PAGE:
A variety of masks are for sale in Tokyo's popular Shibuya district, Friday, March 10, 2023.

A variety of masks are for sale in Tokyo's popular Shibuya district, Friday, March 10, 2023. (Akifumi Ishikawa/Stars and Stripes)

TOKYO — The most recognized emblem of the COVID-19 pandemic, and the one likely to persist, is about to lose some of its clout in Japan.

New mask guidelines from the government take effect Monday, three years after face coverings became a universal fashion accessory across the country, according to the Ministry of Health, Labour and Welfare’s website.

The ministry will recommend individuals decide for themselves whether to wear masks in public. Never an actual mandate, mask wear persists in Japan as the pandemic wanes.

The coronavirus continues to infect an average 9,500 people per day, a declining number. Japan on Jan. 14 experienced its highest one-day pandemic death toll, 503, according to the Johns Hopkins Coronavirus Resource Center.

Under the guidelines revised in February, the ministry recommends wearing masks only in medical facilities and on crowded trains and local buses but says nothing about masks on Japan’s iconic shinkansen trains or long-distance buses.

“We want to promote the return of daily life and economic and social activities,” Minister of Health, Labour and Welfare Katsunobu Kato said at a February news conference, according to Yomiuri Shimbun report on Feb. 11.

The ministry will also drop its recommendation that students wear masks at schools starting April 1.

The ministry continues to recommend masks for the elderly or those with health issues or a higher risk of getting seriously ill when contracting COVID-19.

Much of the business sector is leaving the mask decision to its patrons.

Railway company JR East will no longer expect passengers to wear masks on its trains, even during rush hours, but staff will continue to do so, President Yuji Fukasawa told reporters Tuesday. JR East on Monday will cease public announcements on trains and in stations asking passengers to wear masks.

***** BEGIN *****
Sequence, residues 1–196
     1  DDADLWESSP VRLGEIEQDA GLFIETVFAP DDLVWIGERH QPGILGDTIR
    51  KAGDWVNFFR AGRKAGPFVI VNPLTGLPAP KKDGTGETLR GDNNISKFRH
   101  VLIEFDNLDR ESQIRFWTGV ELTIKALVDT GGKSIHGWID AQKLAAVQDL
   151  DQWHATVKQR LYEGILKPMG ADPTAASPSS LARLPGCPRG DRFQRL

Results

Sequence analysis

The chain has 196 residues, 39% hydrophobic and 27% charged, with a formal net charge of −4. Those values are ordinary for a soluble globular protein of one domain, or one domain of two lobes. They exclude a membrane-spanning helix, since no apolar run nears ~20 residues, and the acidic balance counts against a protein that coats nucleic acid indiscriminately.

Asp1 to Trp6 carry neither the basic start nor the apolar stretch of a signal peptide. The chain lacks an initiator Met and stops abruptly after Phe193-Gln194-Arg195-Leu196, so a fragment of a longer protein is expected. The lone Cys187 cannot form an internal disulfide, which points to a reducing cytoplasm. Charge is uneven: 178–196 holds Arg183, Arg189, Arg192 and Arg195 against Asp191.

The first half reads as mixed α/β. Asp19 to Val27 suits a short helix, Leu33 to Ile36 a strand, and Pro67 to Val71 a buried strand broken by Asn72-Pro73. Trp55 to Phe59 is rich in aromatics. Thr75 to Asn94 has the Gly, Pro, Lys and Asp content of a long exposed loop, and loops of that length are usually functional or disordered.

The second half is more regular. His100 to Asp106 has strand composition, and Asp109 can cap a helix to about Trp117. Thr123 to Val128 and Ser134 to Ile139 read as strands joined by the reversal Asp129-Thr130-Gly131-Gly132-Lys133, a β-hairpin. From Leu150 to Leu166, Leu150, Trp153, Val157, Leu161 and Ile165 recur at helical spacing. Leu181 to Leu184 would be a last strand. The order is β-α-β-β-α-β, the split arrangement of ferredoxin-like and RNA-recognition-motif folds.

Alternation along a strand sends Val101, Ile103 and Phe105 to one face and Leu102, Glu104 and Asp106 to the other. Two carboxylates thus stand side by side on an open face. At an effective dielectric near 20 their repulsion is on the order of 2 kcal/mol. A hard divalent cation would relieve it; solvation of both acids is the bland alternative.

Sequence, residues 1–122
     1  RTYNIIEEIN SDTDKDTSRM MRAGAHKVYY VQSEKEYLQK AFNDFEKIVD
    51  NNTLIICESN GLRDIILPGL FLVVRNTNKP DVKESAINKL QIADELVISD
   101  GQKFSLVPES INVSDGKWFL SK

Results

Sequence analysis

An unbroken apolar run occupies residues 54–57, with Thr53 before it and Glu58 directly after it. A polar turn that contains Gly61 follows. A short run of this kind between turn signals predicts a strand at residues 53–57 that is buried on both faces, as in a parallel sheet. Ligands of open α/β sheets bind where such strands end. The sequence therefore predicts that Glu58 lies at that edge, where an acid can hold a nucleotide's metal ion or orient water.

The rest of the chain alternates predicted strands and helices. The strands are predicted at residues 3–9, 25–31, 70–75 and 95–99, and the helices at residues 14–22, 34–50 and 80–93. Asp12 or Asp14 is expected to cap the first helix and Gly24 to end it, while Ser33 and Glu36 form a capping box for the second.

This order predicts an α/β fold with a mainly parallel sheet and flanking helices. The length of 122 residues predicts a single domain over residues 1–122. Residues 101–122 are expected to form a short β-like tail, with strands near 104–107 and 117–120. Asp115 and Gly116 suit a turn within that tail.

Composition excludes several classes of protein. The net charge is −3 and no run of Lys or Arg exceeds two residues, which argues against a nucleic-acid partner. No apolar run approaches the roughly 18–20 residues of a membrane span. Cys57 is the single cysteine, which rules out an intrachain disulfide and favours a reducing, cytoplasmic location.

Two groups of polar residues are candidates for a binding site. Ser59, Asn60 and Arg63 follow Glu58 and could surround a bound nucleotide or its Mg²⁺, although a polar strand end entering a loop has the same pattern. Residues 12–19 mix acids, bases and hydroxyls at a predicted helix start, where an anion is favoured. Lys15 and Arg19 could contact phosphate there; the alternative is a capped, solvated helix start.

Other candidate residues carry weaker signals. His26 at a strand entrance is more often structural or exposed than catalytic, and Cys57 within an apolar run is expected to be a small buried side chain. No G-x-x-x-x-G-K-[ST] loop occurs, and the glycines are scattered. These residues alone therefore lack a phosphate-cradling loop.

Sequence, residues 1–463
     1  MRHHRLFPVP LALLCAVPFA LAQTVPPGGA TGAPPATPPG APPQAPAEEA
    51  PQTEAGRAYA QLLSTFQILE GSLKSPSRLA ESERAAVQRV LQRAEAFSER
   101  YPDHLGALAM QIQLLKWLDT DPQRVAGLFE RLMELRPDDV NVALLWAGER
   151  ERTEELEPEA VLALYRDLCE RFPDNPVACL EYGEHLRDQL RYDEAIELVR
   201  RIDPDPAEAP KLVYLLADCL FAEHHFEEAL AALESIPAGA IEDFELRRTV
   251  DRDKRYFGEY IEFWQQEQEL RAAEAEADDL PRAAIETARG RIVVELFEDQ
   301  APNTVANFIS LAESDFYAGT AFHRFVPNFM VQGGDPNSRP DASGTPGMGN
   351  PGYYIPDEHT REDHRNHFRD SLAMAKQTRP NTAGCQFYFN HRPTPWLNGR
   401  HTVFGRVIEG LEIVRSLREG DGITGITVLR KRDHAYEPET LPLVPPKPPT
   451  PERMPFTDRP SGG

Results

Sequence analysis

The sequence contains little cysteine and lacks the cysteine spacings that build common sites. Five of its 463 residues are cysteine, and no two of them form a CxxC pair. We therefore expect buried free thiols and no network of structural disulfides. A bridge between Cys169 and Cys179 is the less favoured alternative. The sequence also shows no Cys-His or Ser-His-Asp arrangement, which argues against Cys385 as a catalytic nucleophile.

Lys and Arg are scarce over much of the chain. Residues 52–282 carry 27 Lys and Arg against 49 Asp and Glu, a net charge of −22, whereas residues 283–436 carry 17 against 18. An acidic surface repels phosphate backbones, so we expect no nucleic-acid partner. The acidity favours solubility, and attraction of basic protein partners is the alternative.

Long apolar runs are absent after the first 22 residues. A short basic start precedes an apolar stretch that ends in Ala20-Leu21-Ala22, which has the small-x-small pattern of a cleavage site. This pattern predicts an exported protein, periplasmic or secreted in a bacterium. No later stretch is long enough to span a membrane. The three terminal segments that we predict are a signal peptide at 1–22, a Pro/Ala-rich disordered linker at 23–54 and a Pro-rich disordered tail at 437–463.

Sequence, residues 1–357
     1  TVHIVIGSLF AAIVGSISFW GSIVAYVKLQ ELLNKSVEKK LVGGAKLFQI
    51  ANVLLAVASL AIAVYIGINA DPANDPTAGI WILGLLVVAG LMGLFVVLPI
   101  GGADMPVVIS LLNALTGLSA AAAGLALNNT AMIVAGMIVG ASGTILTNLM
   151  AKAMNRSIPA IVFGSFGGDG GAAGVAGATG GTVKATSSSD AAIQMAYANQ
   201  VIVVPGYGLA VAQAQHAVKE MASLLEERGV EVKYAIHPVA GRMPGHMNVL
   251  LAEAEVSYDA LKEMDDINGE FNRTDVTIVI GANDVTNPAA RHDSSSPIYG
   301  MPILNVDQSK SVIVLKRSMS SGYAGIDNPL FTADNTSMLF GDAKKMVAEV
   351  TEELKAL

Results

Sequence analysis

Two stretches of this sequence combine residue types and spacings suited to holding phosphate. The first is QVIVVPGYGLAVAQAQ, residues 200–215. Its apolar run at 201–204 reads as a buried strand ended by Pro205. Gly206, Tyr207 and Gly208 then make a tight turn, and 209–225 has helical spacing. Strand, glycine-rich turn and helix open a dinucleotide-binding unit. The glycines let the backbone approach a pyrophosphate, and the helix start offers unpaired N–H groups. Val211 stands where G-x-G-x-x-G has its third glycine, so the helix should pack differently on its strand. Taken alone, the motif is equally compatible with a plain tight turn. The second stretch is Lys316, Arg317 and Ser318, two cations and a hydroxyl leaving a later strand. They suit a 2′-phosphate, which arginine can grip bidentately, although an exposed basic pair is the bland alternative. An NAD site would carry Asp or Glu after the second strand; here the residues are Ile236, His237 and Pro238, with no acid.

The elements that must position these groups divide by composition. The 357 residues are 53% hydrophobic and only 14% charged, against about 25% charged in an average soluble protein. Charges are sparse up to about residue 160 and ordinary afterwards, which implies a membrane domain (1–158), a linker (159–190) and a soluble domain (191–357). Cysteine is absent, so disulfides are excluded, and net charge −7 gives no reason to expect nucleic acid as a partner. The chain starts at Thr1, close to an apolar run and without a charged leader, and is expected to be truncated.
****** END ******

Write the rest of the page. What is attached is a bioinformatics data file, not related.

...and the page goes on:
Likewise, the Scheduled Airlines Association of Japan, composed of the country’s domestic airline companies, agreed last month to allow passengers to decide on masks based on Japanese government guidelines, according to the association’s website.

Commuters wear masks at Shibuya Station in Tokyo, Friday, March 10, 2023.

Commuters wear masks at Shibuya Station in Tokyo, Friday, March 10, 2023. (Akifumi Ishikawa/Stars and Stripes)

Tokyo Disney Resort will leave mask wear up to visitors and staff, according to its website. Universal Studios Japan said its staff will continue wearing masks, although visitors may decide for themselves, Kyodo News reported March 3.

Other companies, including Toho Cinemas, which runs 73 movie theaters nationwide; convenience store chains 7-Eleven, Family Mart and Lawson; and Aeon Group, which operates supermarkets, shopping malls and cinemas, will allow patrons to make their own decisions on masks, according to a report by public broadcaster NHK on Tuesday.

The guidelines on masks were revised after Japan decided in January to downgrade the status of COVID-19 on May 8 to the same category as common infectious diseases, such as seasonal flu.

More than 33.3 million people in Japan contracted COVID-19 and nearly 73,000 died as a consequence of the disease over the past three years, according to the Johns Hopkins Coronavirus Resource Center.

The health ministry said it may recommend masks again if the number of COVID-19 cases increases.

The revised guidelines still recommend basic measures against infection, such avoiding closed spaces, crowded places and close-contact situations, as well maintaining social distancing, washing hands and ventilating indoor spaces.

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Hana Kusumoto is a reporter/translator who has been covering local authorities in Japan since 2002. She was born in Nagoya, Japan, and lived in Australia and Illinois growing up. She holds a journalism degree from Boston University and previously worked for the Christian Science Monitor’s Tokyo bureau.

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